Pregnant teachers are being fired from job at a Chicago school

Pregnant teachers at a Northwest Side elementary school were targeted for firing by their principal. The civil rights lawsuit claims that Mary Weaver, the principal of Scammon Elementary School engaged in a pattern of inequity between 2009 and 2012, by targeting the pregnant teachers in schooling or joined back to job after their pregnancies.

The federal government has filed against the officials of Chicago Board of Education and Chicago Public Schools. The federal government alleges that the Principal took actions and removed eight teachers from their jobs from 2009 to 2012.

According to the lawsuit filed in U.S. District Court in Chicago, the Principal subjected the pregnant teachers during that time frame “to disparate treatment with regard to performance evaluation ratings”, and other matters, “there existed a regular, purposeful, and less-favorable treatment of teachers because of their sex (pregnancies).”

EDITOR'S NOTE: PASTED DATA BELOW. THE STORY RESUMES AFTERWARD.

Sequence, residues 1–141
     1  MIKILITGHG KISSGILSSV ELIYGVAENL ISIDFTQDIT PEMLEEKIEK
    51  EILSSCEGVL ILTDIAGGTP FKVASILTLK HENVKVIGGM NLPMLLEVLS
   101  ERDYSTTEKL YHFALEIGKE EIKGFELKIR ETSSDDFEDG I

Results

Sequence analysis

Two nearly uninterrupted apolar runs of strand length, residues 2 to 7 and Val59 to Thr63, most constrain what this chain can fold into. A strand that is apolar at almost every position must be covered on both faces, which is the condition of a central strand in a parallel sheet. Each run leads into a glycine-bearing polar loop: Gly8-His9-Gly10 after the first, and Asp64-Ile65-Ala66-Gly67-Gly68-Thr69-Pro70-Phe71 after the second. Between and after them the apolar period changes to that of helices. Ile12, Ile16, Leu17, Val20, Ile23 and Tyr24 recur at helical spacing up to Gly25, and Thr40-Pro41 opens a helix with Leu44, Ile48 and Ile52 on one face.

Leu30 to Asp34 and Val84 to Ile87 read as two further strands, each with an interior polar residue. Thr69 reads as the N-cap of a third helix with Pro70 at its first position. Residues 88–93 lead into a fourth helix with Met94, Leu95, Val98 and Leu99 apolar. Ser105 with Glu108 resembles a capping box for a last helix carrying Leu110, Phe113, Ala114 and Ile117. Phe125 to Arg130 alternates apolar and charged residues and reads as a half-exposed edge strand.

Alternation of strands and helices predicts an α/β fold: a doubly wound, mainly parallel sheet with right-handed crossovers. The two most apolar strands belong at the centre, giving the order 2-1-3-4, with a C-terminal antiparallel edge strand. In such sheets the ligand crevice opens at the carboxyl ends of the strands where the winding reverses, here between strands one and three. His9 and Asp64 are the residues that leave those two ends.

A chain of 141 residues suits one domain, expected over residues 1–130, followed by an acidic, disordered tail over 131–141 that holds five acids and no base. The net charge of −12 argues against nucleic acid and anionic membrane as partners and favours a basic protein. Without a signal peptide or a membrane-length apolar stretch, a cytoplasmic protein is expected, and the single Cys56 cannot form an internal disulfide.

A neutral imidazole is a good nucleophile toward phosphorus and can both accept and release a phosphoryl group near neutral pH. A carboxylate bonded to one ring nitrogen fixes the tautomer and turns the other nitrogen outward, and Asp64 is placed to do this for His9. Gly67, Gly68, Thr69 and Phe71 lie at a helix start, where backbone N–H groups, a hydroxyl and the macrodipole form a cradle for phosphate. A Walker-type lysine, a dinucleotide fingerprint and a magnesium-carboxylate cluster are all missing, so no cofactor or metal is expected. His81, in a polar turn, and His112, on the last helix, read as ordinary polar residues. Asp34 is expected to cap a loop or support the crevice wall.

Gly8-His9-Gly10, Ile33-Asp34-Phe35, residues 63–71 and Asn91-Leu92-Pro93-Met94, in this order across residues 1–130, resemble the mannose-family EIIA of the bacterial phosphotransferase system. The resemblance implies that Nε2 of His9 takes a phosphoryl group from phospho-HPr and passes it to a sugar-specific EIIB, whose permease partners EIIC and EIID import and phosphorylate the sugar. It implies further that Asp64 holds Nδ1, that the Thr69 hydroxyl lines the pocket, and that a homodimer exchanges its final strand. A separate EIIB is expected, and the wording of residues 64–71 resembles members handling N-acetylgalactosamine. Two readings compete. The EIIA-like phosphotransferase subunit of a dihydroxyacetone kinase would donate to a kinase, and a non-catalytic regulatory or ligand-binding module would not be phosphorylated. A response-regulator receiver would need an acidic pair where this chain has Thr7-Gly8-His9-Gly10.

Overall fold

Two of those teachers filed inequity complaints with the Chicago Office to the Equal Employment Opportunity Commission. According to the lawsuit, the commission scrutinized complains and found rational causes to believe that discrimination happened against the pregnant teachers.

The case was then referred to the Department of Justice. Vanita Gupta, acting assistant attorney general for the Justice Department’s Civil Rights Division, said in a statement, “No woman should have to make a choice between her job and having a family.”

The Department of Justice is demanding a jury trial and wants a judge to order the Chicago Board of Education to “develop and implement appropriate and effective measures to prevent discrimination”, as well as giving compensation to affected teachers “to compensate them for pain and suffering caused by discriminatory conduct”

The government said it informed the district this past summer of its intent to file a complaint over a violation of Title VII of the Civil Rights Act, which proscribed employment discrimination based on race, color, religion, sex and national origin.

CPS does not undertake discrimination over pregnancy in either its 2009 or its 2012 amended on discrimination and sexual harassment policies, the lawsuit says. It asks the court to regulate the district to take an account to prevent the kind of detrimental treatment laid out in the objections.
CPS issued a proclamation and said “will not tolerate the kind of discrimination or retaliation that is alleged to have taken place at Scammon Elementary School”.